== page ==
This is not a ‘copy-cat’ of Cuyahoga or Summit’s Charters. It borrows some language, as it borrows from several other charters proposed or enacted in Ohio or out, there’s no point re-inventing the wheel, when it comes to certain legally necessary inclusions, like Equal Opportunity. I’ll point out some of those very large differences in a moment, first…

I do not know why you think one must turn a County into one super-city which would be larger than New York or LA though still contain only 100,000 people, but this is not the goal of the charter. The idea of the charter is to give the County government more flexibility than the default, basic form enacted by the State. We want more local oversight and control, not less, and while there are advantages to the sorts of department mergers you mention, why stop there? Why not one unified State Police Force? Or even one Federal Police Force? Heck, why not get rid of individual family homes in favor of massive dormitories with shared baths and kitchens? Very efficient, at least on first inspection.

No, we think the cities, townships and villages are best to keep running as they see fit, as their voters see fit, and we aim to make the County’s resources more available to them. The premise of County Charter Government is to allow individual counties to customize their setup, instead of using the one-size-fits-all, outdated form designed by the state simply as a default system to use while including alternatives to be enacted. Now with that in minds, why would we strip away that ability to tailor and customize from the cities and villages?

We think the County needs the ability to tailor to modern times and local issues, and we see no reason to stop ‘zooming in’ there.

Now as to your ‘unrealistic’ commentary on salaries, this only applies to the 7-person Council, no one others are explicitly changed by the Charter. We keep the salary low for much the same reason we have term limits – which are 3 consecutive full 4-year terms, not 3 years as the article misreports – and that reason is we don’t want ‘professional councilmen’, these persons, explicitly there to represent the general concerns of their district, them we want to remain principally private citizens with day jobs.

Raising those salaries, much like removing term limits, isn’t hard. All the council has to do is vote by simple majority to put it on the ballot and let the people decide. They can do that with anything, just as the people can place referendums on to change the charter.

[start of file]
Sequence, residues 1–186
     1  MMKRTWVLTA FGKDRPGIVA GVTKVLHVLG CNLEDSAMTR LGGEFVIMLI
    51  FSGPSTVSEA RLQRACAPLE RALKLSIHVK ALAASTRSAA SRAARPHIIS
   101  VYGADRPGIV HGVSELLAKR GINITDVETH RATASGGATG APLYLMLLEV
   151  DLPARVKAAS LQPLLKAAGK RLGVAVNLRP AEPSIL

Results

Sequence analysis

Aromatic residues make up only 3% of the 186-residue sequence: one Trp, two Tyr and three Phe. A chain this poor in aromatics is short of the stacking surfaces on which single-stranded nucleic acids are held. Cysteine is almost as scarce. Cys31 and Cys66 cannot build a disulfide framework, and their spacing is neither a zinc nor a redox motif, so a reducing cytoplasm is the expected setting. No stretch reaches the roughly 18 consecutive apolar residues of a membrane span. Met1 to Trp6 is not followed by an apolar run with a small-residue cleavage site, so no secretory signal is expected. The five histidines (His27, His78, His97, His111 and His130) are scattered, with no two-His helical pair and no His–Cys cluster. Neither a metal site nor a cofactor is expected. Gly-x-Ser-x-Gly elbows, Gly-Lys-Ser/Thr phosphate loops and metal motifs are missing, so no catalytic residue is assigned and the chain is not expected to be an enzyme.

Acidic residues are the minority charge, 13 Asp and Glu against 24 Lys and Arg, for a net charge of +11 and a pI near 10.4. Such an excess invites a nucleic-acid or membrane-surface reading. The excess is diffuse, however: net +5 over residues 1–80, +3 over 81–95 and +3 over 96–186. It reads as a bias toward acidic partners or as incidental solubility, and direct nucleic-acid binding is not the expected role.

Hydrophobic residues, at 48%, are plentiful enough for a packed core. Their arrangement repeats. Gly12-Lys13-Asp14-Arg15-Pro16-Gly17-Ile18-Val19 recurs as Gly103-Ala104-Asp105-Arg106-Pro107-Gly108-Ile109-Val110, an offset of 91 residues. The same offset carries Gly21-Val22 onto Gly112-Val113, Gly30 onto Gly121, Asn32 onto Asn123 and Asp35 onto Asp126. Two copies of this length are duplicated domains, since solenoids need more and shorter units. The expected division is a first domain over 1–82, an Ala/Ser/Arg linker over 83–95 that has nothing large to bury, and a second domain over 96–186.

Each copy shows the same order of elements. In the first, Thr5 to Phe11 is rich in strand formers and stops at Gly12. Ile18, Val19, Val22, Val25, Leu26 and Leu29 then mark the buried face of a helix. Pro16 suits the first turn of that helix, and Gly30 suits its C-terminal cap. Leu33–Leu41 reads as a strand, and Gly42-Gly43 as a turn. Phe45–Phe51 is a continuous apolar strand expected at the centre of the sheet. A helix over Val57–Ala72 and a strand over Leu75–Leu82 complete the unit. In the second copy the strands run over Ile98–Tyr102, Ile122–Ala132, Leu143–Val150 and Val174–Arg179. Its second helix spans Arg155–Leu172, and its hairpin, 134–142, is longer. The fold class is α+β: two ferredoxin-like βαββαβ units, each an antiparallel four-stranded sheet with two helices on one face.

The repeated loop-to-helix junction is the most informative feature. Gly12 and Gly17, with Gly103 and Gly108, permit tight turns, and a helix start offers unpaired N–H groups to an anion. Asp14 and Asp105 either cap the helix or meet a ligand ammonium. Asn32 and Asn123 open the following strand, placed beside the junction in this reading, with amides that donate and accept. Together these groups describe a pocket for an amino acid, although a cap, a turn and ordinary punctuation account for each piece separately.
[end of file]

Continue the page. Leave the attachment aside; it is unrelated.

Now, on the copycat notion, the most obvious major differences to Cuyahoga’s are as follows:

1) Off year elections – this Charter makes it so local county matters aren’t drowned out by Presidential and Gubernatorial races.

2) They elect a County-Executive, essentially a governor or president equivalent, a ‘Count’, if you would. We don’t, the Council appoints an administrator to handle administrative matters for them.

3) They can raise sales taxes without having it approved by the voters first.

4) They appoint everyone but the Council, the Exec, and the Prosecutor. We keep positions which may have legitimate conflict with the Council as elected positions, like our Sheriff and Auditor, who we think might conceivably need to investigate the Council and thus probably shouldn’t be hired/fired by them.

5) Their Economic Development is a department, ours is a Board consisting almost entirely of elected officials, city managers, and representatives from the Growth Partnerships and Port Authority. People who are directly accountable to the public and/or already aware of local economic concerns.

6) Non-partisan elections – Party politics presumably has its place, but not at the county-level anymore than municipal, judicial, school board, or township level. At these levels it just gets in the way of letting the people find the best candidates.

7) Term Limits, they don’t have them, we do, 12 years, and if you’re not a term limit fan it only takes a up/down vote by the people to remove them, like everything else in the charter.

8) Initiative and Referendum – Cuyahoga excludes some things from being subject to referendum, we don’t. We rely on the simple difficulty of circling a petition to prevent excessive use, but if 3000 people think something should be voted on, than we think that is proof in and of itself that the matter is not trivial.

… and I could go on, but let me instead point out a few things they do have that we also have in the charter, but don’t have now, because ‘copycat’ isn’t a bad word.

1) Recall Elections – We can’t recall our Commissioners, Sheriff, Prosecutor, etc right now, with the charter, we can.

2) District Representation – They’ve 11, we’ve 7, on the website you can see them, clean, compact, equal-population districts to represent those area’s needs.

3) Required Readings – The council can’t just vote something through one evening by simple majority, it has to be unveiled to the public and given time to be read by them and objected to.

4) Law Director – we both remove counseling the government from the Prosecutor, so they can focus on prosecuting crime, and establish a legal adviser to the Council and the Townships. Back in the day, when counties were fewer in people, and litigation wasn’t so common, this was a minor duty the prosecutor – sometimes the only lawyer in town – could handle as a side note. Those days are gone.

There are more, but I’m getting long winded, *read* the charter, don’t just assume some identical text in places means it is the same. Even if it were though, better that then what we have now, and the great thing about charter government is the people can *change* it.